ATHENS -- Fantasy worlds filled with medieval knights, elves, superheroes and zombie apocalypses.

All this goes on inside the head of Georgia women’s golfer Savannah De Bock.

Not only while she daydreams in class, or while she’s lying in bed before she falls asleep, but also while she plays.

It is obviously working for the Belgian native, the only freshman in the Bulldogs’ lineup for the NCAA regionals this week in Auburn. The same lineup advanced to the semifinals of match play at the Southeastern Conference championships.

Prior to coming to Georgia, De Bock ranked as high as No. 35 in the World Amateur Golf Rankings, making her one of the world’s best junior women’s golfers. She competed in seven events in the spring semester, finishing as high as fifth.

“I see her becoming a pro, as long as she wants to be a pro,” teammate LoraLie Cowart said. “In terms of college, I see her being an All-American and possibly winning a college tournament while she’s here.”

De Bock’s love of fantasy stems from her love of books. Her competitive spirit might have led to her love of books.

“I was in first grade – there were books specifically for first grade – and after reading three of them I was like, ‘No, give me the real books,’” De Bock said. “And [the teacher] was like, ‘You’re not able to read this,’ I was like, ‘Oh, I’m gonna show you I can,’ and I started reading fantasy a lot.”

Most people would think that a future golfer would spend recess outside running around, but not De Bock. She spent recess in the library.

De Bock hopes to become an author one day. She enjoys writing fantasy and science fiction. She uses her golf game to develop the characters in her stories, predicting how they would react to certain situations on the course.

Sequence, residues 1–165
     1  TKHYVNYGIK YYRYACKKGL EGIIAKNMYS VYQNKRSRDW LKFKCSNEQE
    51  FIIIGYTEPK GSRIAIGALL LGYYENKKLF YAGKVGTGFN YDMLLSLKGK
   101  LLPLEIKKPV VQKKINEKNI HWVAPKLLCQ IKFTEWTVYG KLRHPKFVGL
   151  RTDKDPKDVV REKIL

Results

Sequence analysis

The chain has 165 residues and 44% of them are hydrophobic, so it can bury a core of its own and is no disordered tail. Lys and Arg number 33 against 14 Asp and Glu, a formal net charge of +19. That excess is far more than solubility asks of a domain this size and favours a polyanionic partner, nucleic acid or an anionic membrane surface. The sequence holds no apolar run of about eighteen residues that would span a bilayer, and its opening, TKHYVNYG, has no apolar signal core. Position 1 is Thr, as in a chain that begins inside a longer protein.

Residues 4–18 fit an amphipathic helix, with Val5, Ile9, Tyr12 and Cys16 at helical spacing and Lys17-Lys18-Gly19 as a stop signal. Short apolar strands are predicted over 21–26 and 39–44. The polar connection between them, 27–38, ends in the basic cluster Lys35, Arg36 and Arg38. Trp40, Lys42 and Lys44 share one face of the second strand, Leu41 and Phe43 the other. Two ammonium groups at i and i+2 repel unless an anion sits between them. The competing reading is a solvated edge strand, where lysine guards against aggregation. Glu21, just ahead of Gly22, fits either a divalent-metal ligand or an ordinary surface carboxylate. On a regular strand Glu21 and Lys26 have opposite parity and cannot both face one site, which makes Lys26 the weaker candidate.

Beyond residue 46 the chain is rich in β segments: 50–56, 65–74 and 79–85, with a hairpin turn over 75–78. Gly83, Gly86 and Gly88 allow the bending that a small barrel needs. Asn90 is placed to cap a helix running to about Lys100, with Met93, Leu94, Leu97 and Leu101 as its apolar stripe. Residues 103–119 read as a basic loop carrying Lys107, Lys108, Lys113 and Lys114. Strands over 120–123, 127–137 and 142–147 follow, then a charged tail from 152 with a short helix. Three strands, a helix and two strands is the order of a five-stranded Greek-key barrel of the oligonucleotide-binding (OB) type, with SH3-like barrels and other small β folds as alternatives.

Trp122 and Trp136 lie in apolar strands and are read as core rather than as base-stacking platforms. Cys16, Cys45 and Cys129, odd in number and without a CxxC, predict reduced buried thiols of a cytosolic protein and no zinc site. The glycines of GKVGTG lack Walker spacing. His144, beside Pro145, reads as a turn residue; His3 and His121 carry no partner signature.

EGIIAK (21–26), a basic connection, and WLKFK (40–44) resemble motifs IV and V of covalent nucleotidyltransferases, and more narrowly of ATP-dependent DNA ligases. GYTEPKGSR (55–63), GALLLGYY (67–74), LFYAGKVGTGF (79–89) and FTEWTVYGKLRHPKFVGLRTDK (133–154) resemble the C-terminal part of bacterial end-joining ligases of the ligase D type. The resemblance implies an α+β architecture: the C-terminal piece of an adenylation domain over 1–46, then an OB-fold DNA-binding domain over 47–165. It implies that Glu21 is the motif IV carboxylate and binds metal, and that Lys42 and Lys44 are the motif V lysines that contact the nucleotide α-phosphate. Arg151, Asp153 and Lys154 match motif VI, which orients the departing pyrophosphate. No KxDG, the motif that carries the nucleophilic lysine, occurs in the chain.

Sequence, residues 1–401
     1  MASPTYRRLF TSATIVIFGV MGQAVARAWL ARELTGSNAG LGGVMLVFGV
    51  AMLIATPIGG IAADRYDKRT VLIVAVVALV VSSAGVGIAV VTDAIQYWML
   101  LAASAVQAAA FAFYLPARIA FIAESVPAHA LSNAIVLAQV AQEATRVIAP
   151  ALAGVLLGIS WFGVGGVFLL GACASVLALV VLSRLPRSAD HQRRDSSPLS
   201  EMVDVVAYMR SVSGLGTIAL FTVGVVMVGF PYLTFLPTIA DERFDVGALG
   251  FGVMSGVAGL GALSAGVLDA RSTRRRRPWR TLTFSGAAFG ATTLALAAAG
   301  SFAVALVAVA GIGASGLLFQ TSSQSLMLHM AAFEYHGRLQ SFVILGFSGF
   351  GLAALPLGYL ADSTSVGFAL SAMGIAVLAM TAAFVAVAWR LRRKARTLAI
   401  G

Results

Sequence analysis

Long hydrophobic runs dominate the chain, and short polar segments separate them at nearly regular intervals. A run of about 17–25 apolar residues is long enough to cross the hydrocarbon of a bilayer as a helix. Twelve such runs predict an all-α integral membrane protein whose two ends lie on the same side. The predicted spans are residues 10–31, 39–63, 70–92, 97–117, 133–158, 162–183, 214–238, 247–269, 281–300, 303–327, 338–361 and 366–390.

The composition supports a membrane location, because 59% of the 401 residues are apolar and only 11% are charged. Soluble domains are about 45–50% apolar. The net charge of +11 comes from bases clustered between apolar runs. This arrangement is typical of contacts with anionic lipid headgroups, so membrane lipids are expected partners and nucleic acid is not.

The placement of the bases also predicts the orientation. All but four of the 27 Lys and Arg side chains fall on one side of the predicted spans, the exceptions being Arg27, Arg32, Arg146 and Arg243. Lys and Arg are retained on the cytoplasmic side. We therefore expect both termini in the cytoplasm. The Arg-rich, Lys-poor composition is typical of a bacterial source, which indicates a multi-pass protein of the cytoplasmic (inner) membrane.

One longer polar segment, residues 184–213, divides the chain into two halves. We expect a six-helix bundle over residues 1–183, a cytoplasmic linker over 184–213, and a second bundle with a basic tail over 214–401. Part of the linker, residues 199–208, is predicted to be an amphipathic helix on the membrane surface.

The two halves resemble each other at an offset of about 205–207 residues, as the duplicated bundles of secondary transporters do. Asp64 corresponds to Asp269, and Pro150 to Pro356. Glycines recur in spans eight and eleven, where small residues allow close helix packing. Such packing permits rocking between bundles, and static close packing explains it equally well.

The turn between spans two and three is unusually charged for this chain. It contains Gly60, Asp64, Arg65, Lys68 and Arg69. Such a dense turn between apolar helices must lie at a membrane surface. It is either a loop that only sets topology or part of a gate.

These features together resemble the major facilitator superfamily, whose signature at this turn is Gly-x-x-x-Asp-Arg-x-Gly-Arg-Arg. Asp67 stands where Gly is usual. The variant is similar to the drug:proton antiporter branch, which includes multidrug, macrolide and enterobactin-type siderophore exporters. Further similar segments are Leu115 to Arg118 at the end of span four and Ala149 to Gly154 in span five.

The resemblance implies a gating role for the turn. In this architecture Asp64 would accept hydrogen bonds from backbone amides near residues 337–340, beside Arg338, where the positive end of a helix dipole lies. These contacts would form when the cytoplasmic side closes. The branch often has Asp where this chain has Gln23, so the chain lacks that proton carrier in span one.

“I think I’ve got like 17 or 18 stories that I’m working on at the same time because I cannot focus on a single one,” De Bock said.

De Bock’s teammates enjoy her creativity and imagination.

“That’s different than anyone we have on the team, so it’s kind of nice to add that diversity to the team,” Cowart said. “It’s good to see her excited about some things outside of golf, because I feel like every person needs to know that golf isn’t the only thing that they can do.”

One of her stories is a zombie apocalypse horror story based in Athens.

“I need to work on it,” De Bock said. “I thought that Athens would be a good place to build a story on, but I need to learn the campus by heart first.”

De Bock arrived at the beginning of the spring semester, and head coach Josh Brewer has seen nothing but good golf and growth out of the 18-year-old.

“I think it took her probably about a month to figure out like, ‘Hey, I gotta get things done on my own,’” Brewer said. “She knows how to get to the course and make things easy for herself, and it’s fun watching her grow.”

Fifth-year senior Caterina Don, a native of Italy, has taken De Bock under her wing.

“I just tried to make myself available because when I got here, I didn’t have a car, and I know it can be hard,” Don said. “So I make myself available if she needs to go anywhere. I try to help her out with things that I struggled with.”

De Bock is not just known for her fantasy stories. Her coaches and teammates have learned she always has a positive attitude.

In the quarterfinals of match play at the SEC championships, De Bock did not play, as Brewer said he wanted to give her a rest.

“There’s people that might be not happy about it, they might walk around with a sad face, but she was out there, she was cheering loud,” Don said. “The girl I was playing against called her a weapon for our team.”

De Bock also made her presence known when she got back into the lineup at SECs.

“My match was very, very good. For that match, that’s the only day my putting was great. I was holing every single putt,” De Bock said.

De Bock competed at high levels in Europe, winning the 2022 European Ladies’ Amateur championship, and notching back-to-back top-five finishes at the World Junior Girls Golf Championship. So she was ready for the pressure of her first SEC championships.

“The moment wasn’t too big for her,” Brewer said. “She’s just comfortable being in that situation, and she did a wonderful job of really carrying us the first few days to get us in position to make match (play).”

With her characters and stories in her mind, and her clubs in her hands, not much can stop Savannah De Bock.

Andrew Fleming is a student in the Sports Media Certificate program at the University of Georgia’s Carmical Sports Media Institute.